Barrett [née Perry; other married name Willey], Florence Elizabeth, Lady Barrett
Barrett [née Perry; other married name Willey], Florence Elizabeth, Lady Barrett
- Claire L. Brock
Barrett [née Perry; other married name Willey], Florence Elizabeth, Lady Barrett (1867–1945), obstetric and gynaecological surgeon, was born at Compton Henbury, Gloucestershire, on 18 February 1867. She was the fourth of six children (five of whom survived childhood) of Elizabeth, née Willey (1837–1914), and her husband, Benjamin Perry (1834–1902), a businessman in the Bristol area who owned a warehouse and ice storage facility, and was a railway agent. Her early education was at home with governesses but, aged fifteen, she received freehand and model certificates as well as geometry and perspective prizes from the Bristol School of Art. Although later regretting her lack of education, she excelled once she undertook formal studies. In 1889 she began preliminary medical study under a Bristol general practitioner and medical missionary, William Elder. As a student at University College, Bristol, and at the Clifton Laboratory, she passed the University of London matriculation in June 1893 and registered as a medical student in November 1893. She was placed in the first division in the preliminary scientific (MB) examinations in 1894. At the same time she passed the mathematics section of the University of London intermediate examination in science and proceeded to the BSc examination, which she passed in November 1895 in the first division. On 27 February 1896, at the Christ Church Congregational chapel, Sneyd Park, Barton Regis, Bristol, Florence Perry married her cousin, Frederick George Ingor Willey (1864–1947), a surgeon; he was the son of Josiah Willey, also a surgeon. They settled at 8 Avenue Road, Highgate, where her husband had consulting rooms. They had no children.
Florence Willey went on to study at the London (Royal Free Hospital) School of Medicine for Women (LSMW) where, in 1898, she was placed in the first division of the London intermediate MB, and gained prizes in anatomy and materia medica. She qualified MB in October 1900, with honours in obstetrics, received a MS in 1904, and became an MD, through her work in midwifery, two years later. From 1902 she worked at the Royal Free Hospital, London, respectively as clinical and assistant pathologist (1902), medical registrar, radiographer (1903), surgical registrar (1903–6), anaesthetist (1906), and, after the retirement of Mary Scharlieb, assistant physician for the diseases of women (from 1908) under Ethel Vaughan-Sawyer, who stepped into Scharlieb’s role as physician. She also succeeded Scharlieb as lecturer in midwifery at the Royal Free Hospital in 1913, a post she held until 1921, and eventually became consulting obstetric and gynaecological surgeon.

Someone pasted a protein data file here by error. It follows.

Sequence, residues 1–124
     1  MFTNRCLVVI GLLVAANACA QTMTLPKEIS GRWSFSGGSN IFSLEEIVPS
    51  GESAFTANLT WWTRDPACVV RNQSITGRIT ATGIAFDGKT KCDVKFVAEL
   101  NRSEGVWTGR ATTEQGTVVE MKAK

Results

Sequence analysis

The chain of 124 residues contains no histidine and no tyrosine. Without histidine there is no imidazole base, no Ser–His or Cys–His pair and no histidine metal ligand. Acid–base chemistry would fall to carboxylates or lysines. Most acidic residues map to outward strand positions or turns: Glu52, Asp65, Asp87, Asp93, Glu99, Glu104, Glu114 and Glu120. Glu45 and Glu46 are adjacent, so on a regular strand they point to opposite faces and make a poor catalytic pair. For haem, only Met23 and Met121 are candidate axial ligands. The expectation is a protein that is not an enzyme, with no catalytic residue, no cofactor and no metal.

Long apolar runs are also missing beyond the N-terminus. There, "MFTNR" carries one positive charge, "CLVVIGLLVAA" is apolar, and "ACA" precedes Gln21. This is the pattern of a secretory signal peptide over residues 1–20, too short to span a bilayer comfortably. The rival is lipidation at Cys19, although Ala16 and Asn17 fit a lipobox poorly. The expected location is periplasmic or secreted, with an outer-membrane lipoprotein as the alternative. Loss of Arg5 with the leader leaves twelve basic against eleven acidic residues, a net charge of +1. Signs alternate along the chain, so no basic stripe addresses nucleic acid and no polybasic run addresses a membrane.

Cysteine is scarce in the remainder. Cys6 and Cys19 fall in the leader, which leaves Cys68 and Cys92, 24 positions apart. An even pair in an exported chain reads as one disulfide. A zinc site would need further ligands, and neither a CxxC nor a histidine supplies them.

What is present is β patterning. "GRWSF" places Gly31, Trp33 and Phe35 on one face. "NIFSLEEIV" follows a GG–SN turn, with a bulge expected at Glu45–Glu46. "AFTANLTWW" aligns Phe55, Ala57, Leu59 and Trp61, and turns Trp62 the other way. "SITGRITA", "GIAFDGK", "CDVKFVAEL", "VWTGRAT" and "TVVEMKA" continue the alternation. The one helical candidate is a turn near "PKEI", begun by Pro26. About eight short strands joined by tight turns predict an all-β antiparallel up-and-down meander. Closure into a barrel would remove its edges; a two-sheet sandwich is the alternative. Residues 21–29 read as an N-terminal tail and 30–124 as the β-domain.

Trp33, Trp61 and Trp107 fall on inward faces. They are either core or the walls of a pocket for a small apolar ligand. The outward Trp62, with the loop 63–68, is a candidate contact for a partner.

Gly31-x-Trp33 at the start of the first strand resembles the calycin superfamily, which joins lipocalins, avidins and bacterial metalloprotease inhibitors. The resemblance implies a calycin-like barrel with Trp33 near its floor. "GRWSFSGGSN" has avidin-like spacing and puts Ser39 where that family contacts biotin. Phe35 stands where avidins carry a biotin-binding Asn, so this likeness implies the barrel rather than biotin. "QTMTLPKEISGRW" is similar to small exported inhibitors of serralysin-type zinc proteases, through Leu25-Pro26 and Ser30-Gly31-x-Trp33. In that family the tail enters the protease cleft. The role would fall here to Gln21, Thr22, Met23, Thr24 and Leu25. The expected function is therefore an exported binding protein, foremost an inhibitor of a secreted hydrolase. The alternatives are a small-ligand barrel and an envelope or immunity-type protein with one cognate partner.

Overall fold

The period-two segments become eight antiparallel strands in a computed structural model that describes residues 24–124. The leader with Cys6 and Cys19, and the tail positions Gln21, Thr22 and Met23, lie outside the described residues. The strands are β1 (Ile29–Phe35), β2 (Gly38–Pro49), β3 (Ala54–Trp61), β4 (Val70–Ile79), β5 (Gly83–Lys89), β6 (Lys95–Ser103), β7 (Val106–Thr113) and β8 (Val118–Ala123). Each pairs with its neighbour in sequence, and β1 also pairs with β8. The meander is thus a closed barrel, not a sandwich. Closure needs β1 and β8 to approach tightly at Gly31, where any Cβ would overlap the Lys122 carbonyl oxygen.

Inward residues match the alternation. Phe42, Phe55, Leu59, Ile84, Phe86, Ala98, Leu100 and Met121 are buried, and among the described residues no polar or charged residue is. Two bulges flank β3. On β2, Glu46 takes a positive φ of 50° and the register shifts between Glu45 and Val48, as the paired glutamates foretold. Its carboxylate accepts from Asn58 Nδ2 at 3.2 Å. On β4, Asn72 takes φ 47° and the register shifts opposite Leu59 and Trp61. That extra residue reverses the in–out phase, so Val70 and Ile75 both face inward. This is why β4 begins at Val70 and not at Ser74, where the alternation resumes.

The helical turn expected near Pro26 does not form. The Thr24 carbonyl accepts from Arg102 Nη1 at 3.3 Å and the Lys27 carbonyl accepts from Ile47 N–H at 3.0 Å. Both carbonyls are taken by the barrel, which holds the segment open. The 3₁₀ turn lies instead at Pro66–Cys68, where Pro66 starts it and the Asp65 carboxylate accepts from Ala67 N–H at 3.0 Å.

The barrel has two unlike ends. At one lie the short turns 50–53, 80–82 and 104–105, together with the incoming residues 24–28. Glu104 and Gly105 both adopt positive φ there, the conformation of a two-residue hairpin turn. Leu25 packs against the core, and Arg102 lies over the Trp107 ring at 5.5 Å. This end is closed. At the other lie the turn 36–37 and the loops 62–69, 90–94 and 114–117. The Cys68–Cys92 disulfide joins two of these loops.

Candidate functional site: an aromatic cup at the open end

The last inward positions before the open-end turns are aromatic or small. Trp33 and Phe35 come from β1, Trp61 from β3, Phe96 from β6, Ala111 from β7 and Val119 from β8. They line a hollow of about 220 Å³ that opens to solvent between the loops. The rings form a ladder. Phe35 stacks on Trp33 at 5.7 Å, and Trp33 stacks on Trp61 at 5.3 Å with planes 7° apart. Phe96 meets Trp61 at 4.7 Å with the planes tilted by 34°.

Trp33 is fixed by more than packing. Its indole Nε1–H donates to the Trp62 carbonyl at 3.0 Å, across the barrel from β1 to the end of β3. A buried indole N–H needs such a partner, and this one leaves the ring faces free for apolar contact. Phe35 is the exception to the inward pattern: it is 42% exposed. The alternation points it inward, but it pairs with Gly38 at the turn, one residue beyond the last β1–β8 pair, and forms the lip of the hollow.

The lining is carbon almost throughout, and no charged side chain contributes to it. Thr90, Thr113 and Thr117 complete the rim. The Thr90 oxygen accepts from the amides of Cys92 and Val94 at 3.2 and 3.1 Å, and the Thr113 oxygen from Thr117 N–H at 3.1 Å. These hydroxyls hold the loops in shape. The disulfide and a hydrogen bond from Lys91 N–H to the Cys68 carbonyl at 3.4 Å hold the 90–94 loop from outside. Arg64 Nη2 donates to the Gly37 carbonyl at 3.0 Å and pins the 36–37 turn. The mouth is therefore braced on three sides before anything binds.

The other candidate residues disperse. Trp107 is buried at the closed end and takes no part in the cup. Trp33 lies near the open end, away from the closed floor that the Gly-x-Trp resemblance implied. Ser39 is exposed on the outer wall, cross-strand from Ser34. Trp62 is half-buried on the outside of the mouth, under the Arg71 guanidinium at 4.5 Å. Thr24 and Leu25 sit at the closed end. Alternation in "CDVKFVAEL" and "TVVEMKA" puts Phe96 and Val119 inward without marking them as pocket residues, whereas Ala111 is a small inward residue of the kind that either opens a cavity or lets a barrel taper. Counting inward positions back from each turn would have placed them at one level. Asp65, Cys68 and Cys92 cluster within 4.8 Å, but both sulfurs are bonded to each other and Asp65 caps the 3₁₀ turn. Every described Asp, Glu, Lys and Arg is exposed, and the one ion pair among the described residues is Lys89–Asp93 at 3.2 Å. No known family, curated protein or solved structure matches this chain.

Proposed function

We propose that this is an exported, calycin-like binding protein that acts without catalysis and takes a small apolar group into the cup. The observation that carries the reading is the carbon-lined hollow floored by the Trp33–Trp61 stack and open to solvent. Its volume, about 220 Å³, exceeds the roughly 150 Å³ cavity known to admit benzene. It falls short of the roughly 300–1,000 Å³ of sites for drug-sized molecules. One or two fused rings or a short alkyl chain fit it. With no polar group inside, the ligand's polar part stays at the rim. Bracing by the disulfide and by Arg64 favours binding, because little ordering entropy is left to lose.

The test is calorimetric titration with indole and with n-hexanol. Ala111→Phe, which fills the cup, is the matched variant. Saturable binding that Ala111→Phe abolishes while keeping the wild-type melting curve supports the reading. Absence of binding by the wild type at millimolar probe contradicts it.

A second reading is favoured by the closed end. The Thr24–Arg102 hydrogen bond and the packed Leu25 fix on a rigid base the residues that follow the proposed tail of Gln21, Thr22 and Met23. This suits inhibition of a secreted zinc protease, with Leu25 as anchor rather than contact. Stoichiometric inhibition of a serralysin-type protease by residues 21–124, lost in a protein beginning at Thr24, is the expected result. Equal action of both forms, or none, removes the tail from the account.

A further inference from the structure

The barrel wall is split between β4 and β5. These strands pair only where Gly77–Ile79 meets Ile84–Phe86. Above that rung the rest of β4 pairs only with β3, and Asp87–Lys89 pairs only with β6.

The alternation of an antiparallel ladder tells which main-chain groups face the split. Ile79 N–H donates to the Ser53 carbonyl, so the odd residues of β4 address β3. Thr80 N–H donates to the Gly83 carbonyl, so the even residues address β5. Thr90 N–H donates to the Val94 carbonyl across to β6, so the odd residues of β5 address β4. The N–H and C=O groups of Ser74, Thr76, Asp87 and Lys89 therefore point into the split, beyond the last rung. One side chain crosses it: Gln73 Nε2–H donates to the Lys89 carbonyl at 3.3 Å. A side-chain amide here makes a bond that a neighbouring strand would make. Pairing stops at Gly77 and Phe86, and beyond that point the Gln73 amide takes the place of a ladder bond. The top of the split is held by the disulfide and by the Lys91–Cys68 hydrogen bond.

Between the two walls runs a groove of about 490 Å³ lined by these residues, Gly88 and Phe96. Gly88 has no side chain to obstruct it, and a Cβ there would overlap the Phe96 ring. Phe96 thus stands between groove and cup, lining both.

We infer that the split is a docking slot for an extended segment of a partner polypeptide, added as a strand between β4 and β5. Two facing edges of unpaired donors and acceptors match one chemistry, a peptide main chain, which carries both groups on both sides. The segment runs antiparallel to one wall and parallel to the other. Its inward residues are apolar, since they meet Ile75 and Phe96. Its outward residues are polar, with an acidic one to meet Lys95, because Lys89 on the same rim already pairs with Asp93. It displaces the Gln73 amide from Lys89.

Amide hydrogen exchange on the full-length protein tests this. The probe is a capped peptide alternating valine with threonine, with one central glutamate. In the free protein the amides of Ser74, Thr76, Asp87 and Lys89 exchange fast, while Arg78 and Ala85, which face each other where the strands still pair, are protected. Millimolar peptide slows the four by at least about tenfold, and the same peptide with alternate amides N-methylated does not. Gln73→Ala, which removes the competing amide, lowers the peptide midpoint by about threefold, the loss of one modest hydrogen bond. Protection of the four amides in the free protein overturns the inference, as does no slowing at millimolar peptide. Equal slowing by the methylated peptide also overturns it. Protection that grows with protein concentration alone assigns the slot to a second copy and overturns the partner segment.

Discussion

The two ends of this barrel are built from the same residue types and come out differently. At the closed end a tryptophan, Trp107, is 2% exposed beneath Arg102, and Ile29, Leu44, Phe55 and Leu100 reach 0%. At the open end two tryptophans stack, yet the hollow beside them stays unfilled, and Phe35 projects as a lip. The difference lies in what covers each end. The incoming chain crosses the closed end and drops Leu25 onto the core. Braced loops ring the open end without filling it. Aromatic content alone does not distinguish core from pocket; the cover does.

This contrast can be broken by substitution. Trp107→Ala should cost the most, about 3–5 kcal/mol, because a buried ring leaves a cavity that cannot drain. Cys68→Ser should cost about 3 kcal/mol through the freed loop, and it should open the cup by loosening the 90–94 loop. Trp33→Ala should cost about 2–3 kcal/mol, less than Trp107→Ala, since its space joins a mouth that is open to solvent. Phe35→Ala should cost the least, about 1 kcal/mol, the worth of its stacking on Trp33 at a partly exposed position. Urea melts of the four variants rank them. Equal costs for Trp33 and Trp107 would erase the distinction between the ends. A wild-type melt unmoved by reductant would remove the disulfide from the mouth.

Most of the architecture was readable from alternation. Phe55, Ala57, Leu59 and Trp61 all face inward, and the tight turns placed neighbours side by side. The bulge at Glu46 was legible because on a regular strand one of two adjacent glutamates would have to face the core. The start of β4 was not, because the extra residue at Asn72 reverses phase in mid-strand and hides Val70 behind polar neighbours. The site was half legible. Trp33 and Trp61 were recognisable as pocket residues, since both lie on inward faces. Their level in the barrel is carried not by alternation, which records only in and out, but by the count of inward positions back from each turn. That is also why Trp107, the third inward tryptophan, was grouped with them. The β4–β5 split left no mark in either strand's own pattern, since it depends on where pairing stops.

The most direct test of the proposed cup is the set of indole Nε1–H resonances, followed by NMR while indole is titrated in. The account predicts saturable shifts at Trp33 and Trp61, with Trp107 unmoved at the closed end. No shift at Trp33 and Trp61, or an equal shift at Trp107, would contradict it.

Florence Willey’s extant case notes indicate a wide range of expertise across obstetric and gynaecological conditions, including radical procedures for cancer, such as Wertheim’s operation, and caesarean sections needed for, among others, those women marred physically by the effects of childhood rickets. Such work revealed the value of applying modern surgical techniques to the improvement of obstetrics and gynaecology. Experience at the Royal Free and other metropolitan hospitals, alongside a large private practice, instilled in her a lifelong sense of the need to support, protect, and value the health of women and children.
From 1909 she published articles in the Proceedings of the Royal Society of Medicine and other medical journals on subjects including gynaecological and obstetric complications, and benign and malign tumours. She also wrote A Plea for the Feeding of Nursing Mothers as a Means for Preventing the Waste and Maiming of Child Life (1912) and Diseases of Women: A Handbook for Nurses (1912). In an address to the students at the LSMW in 1915, she stated her belief in integrated, modern healthcare, through research that combined the laboratory worker and the clinician with the sociologist; doing so would allow the stamping out of disease through a wider recognition of the lives and habits of the people whom all sought to protect. As a member of the National Union of Women’s Suffrage Societies (NUWSS), she signed the medical practitioners’ petition in July 1912 against forcible feeding of the suffragettes. She was elected to the council of the NUWSS in June 1915.